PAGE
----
But we were lucky and the medicine helped. He still had a few seizures and even now that it's been over a year, we won't' start weaning him until it's been three years. In that time, though, I learned to not wish away those seizures. It only made it harder when they came. And now I sometimes wonder if he was one of the kids who had the horrible side effects, would it be worth it? I am not sure. The side effects of the meds that Umberto takes can be very intense right down to full personality changes and a hardening of features. I also don't know if taking the epilepsy away would change who he is. I do think that we made the right choice in medicating him and continuing with all the tests. I mean for one thing, he gets to have this great scifi picture of himself.

What we did with Camille was kind of the opposite of what we did with Umberto. Camille clearly is somewhere on the "spectrum." There are times when it's more obvious than others. When she was two I thought she had Autism because she didn't talk, wouldn't look people in the eyes, and had a thing for lining up trains. But none of these things were extreme and I thought then that Autism would show up stronger (didn't know about the spectrum). As she got older, I meet some people who had kids on the spectrum and started to piece it together. After a really disastrous K experience, I started to think that we need to diagnosis her and get her into therapy right NOW. H wasn't so sure. He pointed out that she wasn't troubled or in pain. She was doing well academically (very well actually). While she had some odd behaviors we weren't troubled by them. We had to accommodate some...she need soft clothes, didn't wear socks, etc. We were a family who valued difference, and didn't like the norm anyway. So we pulled her from school, and the rest is history. No Camille doesn't act like everyone else. She has some quirks that make people uncomfortable. Her hair is a wild mess because she hates combing it and the idea of cutting it sends her into shock. But she's clean and comfortable with herself. I wouldn't change Camille for anything and that means not taking away the Asperger's (if that's even what she has). She is this quirky, self confident kid partly because of this difference. I mean who wouldn't want a kid who randomly decides to act like a cat in public including ear scratches with her foot?

And then there is Jude. Right now I can't imagine Jude being anything but who she is. At four months, I don't know how that extra chromosome is going to shape her. But it's weird for me to even think about her in the terms of having or not having. Mostly she is just Jude. Just like the other beasties are who they are to me. I don't think a lot about their genetic make up. You know I'm busy trying to keep them from going feral. This is not to say I am not conscious of the Ds. I still have moments where I see in the way her eyes crinkle down when she smiles. But that smile is all Jude just my other kids have their own unique smiles.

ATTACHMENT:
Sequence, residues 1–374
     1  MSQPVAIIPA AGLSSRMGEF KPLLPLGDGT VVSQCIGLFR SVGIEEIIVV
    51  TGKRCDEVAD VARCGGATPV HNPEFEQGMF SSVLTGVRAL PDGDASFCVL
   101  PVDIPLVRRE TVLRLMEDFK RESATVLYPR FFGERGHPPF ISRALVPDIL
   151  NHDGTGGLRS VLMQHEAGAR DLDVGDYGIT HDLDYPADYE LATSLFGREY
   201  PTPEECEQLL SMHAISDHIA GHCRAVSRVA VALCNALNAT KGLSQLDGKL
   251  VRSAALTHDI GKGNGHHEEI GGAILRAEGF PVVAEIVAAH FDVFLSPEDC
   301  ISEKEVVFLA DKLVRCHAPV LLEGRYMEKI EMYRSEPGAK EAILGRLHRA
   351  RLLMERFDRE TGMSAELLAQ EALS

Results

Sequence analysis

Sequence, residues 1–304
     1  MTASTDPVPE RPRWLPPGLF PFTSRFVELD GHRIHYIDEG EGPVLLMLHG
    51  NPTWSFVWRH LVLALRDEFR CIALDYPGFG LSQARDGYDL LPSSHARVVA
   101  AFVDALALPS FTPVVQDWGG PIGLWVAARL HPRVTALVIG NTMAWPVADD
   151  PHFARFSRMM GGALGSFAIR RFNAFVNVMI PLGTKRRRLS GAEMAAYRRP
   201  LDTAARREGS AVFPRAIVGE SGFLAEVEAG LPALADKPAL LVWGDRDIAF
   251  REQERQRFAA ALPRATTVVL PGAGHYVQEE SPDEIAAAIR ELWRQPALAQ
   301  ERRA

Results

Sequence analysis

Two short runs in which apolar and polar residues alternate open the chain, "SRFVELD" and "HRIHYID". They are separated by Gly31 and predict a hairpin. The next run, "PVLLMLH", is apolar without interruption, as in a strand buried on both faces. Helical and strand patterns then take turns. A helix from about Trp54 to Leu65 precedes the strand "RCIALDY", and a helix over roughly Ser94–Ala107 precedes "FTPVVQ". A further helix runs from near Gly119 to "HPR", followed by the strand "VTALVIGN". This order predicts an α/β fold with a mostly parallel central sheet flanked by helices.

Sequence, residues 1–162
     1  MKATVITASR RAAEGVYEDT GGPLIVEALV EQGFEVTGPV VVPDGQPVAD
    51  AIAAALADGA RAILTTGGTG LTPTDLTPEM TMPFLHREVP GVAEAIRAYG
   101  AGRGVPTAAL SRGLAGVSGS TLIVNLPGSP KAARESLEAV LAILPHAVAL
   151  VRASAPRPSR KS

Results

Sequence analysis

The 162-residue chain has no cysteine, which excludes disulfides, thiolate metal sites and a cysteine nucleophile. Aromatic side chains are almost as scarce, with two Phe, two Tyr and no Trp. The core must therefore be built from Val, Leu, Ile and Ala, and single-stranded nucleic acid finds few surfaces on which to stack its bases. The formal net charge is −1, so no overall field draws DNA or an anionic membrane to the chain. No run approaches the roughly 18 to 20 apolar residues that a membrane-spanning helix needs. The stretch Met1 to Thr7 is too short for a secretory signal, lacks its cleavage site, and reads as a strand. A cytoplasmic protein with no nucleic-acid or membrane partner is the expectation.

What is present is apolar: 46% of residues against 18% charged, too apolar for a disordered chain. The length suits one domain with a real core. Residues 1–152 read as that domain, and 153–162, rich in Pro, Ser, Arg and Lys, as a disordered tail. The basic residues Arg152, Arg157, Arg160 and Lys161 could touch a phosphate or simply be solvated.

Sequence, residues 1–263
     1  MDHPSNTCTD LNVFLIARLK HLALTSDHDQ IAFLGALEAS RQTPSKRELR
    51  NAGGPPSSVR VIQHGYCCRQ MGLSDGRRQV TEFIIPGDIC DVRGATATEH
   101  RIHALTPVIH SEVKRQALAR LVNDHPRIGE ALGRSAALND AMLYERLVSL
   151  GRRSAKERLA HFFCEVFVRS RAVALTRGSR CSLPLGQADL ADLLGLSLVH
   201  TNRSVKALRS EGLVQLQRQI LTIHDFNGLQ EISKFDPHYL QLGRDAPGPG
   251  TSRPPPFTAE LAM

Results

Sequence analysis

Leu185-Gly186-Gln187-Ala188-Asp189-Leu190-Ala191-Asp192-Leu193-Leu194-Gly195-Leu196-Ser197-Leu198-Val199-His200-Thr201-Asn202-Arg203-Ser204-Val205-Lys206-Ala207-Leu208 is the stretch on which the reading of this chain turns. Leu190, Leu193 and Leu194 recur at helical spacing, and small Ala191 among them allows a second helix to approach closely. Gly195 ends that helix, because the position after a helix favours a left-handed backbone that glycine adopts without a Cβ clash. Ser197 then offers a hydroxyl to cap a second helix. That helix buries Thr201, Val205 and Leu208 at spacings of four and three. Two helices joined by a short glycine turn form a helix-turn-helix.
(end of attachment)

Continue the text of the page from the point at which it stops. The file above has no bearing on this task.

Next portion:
The markers are there. Sometimes I see it in what she is not able to do. When confronted with a baby her age, it's clear that in some ways Jude is a bit behind physically. These are small things though. I do worry that as she gets older those things might not be so small anymore. But the other people I am meeting who have Ds? Well for them it's just a part of the complexity of who they are...all that stuff that the rest of us carry as well.

A couple of weeks ago, I sat at a table for our Ds support group at a disability expo. I watched a 13 year girl with Ds wheel herself all over the place. Laughing with her friend. Checking out the other booths. And most amusingly flirting with the two teen boys who were manning the Asperger's support group table. The boys were trying to flirt back but it was awkward. This awesomeness just brought it to me again that what it comes down to is that we are all human and that's about the only thing we can guarantee. I wouldn't change Jude's genetic make up any more than I would change the fact that she's human. I will do what I can to make sure she has a good fulfilling life but I am not going to change her to make her someone different.

Why? For the same reason I don't want to change my other kids. What we really seem to be getting at when we come with these questions is this: Would you make your child less different? More normal? Because really isn't that what I feared? I realize now that was the wrong thing to fear. What's to be feared is a world that hates difference and wants to stomp it out. A world that if it does accept difference only accepts it if it comes with assistants or better yet segregation (can't that child be special somewhere else?). Our world does not treat those with difference well. When I read about Ethan Saylor and Antonio Martinez, I realized that what I had to fear was not my child's genetic components but what people would try to do to my child because of her genetic components. Instead of fighting for her to change, I need to fight for her right to be who she is no matter how uncomfortable that might make others feel. Jude has the right to not have anyone, including me, ask if her Down syndrome should be taken away. Because in the end what matters is that she is allowed the space to grow into herself.